About half of the inmates are senior citizens, with many of them bed-ridden. They get their medical attention and medicines in-house. Serious cases are taken care of at Fr Muller’s Hospital. The asylum doesn’t charge anything for admission or maintenance. On the other hand, it advises the prospective inmates to settle their property claims or problems before admission.
“An empty sac does not stand erect.” So, how does the asylum run for over a century? As noted earlier, the whole thing started with St. Antony’s devotion at Milagres church. That goes on with Christians and non-Christians crowding the church every Tuesday with petitions and offerings. Besides offerings put in the donation box, devotees of St Antony send offerings through mail.
What do those who manage the institution get in return? As Fr Clifton, an earlier director, explained: “It is the satisfaction that we are helping and caring for the unwanted people whom their families and society have rejected”.
What Ails Mangaluruans? Will and Whom St Antony Oblige?
An old news item from Mumbai that a foreign-made pistol was found in the donation box of St Michael’s church at Mahim draws attention to the novena devotion to Our Lady of Perpetual Soccour which draws hordes of devotees in many churches. The devotion at Mahim church, where the revolver was found, is considered the mother of all novenas. Several sessions are held from morning to midnight which are attended by people of various faiths. The pre-midnight sessions are the favourite of Bollywood actors. Such devotions have a rationale.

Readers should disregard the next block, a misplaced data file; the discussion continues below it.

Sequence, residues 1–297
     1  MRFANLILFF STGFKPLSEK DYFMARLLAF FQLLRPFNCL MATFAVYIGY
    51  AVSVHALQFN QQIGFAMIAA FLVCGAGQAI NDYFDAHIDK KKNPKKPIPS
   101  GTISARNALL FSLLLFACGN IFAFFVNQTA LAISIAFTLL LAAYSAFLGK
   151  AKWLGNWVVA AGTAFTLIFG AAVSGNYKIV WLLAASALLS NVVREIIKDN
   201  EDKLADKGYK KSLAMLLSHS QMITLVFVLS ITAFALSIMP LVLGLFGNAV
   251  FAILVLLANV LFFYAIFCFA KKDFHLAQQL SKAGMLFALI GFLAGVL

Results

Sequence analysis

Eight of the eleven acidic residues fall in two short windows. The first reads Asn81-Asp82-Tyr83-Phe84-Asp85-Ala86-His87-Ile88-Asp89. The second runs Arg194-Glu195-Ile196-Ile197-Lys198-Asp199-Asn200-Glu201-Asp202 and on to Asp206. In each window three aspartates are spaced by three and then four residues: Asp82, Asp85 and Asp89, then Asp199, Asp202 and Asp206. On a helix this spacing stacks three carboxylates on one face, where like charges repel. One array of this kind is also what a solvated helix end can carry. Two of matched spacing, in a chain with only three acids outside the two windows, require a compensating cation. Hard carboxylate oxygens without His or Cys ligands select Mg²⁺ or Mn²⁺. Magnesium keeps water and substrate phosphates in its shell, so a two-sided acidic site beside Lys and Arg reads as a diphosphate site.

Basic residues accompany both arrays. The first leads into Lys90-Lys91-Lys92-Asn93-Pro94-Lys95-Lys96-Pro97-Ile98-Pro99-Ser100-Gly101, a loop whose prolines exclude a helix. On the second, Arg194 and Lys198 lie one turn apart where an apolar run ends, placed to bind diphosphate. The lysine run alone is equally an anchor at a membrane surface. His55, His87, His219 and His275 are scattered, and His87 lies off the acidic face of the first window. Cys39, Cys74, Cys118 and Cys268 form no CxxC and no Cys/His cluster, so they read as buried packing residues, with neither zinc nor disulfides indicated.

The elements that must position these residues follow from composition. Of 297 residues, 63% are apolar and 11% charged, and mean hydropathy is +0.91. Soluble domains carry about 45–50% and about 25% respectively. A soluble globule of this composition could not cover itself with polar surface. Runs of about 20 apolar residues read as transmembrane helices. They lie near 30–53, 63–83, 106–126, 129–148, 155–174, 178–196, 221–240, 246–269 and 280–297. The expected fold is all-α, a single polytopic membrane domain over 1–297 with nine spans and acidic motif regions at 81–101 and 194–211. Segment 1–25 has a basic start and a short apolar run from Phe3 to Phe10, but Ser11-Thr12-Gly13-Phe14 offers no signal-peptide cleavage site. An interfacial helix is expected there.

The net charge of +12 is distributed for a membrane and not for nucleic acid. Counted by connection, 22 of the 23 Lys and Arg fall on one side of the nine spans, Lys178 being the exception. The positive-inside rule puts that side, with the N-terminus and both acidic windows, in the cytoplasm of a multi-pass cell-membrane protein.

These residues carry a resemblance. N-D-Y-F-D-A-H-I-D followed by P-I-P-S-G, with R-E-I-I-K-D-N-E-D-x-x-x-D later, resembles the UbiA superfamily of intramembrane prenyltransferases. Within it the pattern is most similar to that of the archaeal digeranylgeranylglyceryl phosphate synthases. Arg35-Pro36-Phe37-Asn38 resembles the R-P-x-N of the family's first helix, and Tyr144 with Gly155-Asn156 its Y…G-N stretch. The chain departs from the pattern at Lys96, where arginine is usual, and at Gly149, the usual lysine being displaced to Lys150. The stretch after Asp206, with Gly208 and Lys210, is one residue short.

“Ask and it shall be given to you” - The Bible
Based on these assurances people pray for various things and also to save them from difficulties. Christian favour-seeking and thanks-giving often takes organised form, tabulated and read out at church services (novenas). Many of these favour-seeking devotions are formalised through novenas.
Mangaluru has its own favour-seeking centres and shrines. The oldest of these, dating back to 1898, is St Antony’s novena at Milagres Church every Tuesday after the 6 PM mass service. It is conducted by the priests from St. Antony Charity Institute (Home for the Destitutes) at Jeppu. St Antony is known for finding lost things and is also described as Saint of Lost Causes. We zero down on St Antony at Milagres because of the related novena gives an insight into what worries, bothers - physically, mentally emotionally and materially - Mangaluruan Christians (which can apply to non-Christians as well because many of them attend). This is reflected in the intentions read out at the novena. Here is an indicative list read out on a typical Tuesday, with number of requests in brackets.